Most people are familiar with the use of X-radiography in hospitals. The same principles apply to the use of X-rays in a museum, though we may use longer exposures to penetrate metals and other dense materials.
X-ray is a useful tool for the conservator as it can help us discover ‘hidden’ constructions and mechanisms, which we otherwise couldn’t see. It can be used to consider the extent of deterioration of an object or to check whether a firearm is loaded. A major advantage of this technique is that it is entirely non-destructive.
X-rays form part of the same electromagnetic spectrum as radio waves, ultraviolet and visible light. However, their greater energy compared to visible light allows them to pass through much denser materials. Light can be stopped by a couple of pieces of paper, whereas X-rays, if their energy is sufficiently high, may penetrate several centimetres of steel.
The X-ray beam, however, will be partially absorbed by the object and the intensity of x-rays is reduced when passing through denser parts of an object.
Photographic film is sensitive to X-rays and a sheet of this is placed below the object being examined. After developing the film, the less exposed areas beneath the denser parts will appear lighter. The completed X-rays are scanned to produce digital images for use in reports and presentations.
The gun shown in the header image has suffered from insect damage, and the weakened wood of the stock has been filled with an adhesive to strengthen it. The adhesive has a higher density than the wood and so the extent of the woodworm damage is visible on the x-ray.
Uses of X-Radiography
- Prior to lending or exhibiting artefacts, X-radiography allows any objects that are in poor structural condition to be identified and withdrawn or replaced.
- An X-radiograph provides an important source of information during conservation treatment.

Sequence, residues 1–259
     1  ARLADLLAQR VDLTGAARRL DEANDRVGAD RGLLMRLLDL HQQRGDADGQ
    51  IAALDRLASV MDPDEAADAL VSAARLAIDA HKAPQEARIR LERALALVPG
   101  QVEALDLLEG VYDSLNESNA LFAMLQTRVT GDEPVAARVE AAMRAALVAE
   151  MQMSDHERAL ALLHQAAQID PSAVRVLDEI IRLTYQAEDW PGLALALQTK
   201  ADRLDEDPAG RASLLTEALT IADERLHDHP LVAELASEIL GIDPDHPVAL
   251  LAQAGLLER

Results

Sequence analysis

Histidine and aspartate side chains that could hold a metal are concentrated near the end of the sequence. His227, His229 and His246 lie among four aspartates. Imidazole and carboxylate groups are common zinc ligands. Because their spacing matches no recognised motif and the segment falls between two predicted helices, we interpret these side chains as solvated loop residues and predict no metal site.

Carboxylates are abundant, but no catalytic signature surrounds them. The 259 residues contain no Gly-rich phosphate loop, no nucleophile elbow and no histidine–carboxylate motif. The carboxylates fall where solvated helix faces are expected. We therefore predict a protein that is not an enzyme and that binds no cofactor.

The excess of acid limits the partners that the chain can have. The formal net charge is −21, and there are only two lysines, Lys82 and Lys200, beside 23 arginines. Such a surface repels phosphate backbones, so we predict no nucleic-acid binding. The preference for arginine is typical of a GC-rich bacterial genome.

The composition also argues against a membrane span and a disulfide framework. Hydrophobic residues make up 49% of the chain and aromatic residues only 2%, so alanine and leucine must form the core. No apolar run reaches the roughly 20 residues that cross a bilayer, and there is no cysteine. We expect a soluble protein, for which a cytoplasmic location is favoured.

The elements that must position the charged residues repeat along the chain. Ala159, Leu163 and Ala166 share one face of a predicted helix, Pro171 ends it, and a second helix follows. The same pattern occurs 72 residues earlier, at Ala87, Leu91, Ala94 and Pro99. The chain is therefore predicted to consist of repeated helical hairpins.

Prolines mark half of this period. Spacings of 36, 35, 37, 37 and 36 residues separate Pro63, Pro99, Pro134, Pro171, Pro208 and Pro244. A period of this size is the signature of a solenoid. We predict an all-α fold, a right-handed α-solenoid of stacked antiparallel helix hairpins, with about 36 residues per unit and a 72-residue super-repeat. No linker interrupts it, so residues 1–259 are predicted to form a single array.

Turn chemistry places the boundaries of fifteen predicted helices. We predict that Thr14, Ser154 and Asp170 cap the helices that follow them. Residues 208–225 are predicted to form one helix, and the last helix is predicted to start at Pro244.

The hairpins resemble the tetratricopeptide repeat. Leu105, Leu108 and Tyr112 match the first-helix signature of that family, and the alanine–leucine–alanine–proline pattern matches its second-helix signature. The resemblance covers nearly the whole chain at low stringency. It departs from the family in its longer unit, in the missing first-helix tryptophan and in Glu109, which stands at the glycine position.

- Where artefacts from marine wrecks or archaeological sites are covered in thick concretions of soils and corrosion products, X-radiography can help identify the object, record it in case of future deterioration, and pinpoint areas that would benefit from selective investigative conservation.
- Internal features, such as firing mechanisms in guns and crossbows, may be examined without dismantling.
- Maker’s marks concealed by corrosion or other parts of the object (such as the grip of a sword) can be identified: Case study 12.
- Over-painted designs may become visible where dense compounds (such as lead oxides) are used as pigments, fillers or opacifiers. For example, changes in the heraldic designs on shields may provide evidence for changes of ownership or allegiance.
- Where edged weapons have been constructed by welding together different alloys, the weld lines may be visible.
- Evidence of re-used materials may become apparent
- Features, such as modern screw threads, welded repairs etc may point to inconsistencies with the apparent age of the object, or to recent repairs.
- For demonstrating and teaching purposes, X-radiographic plates provide an alternative, engaging, but easily understandable display.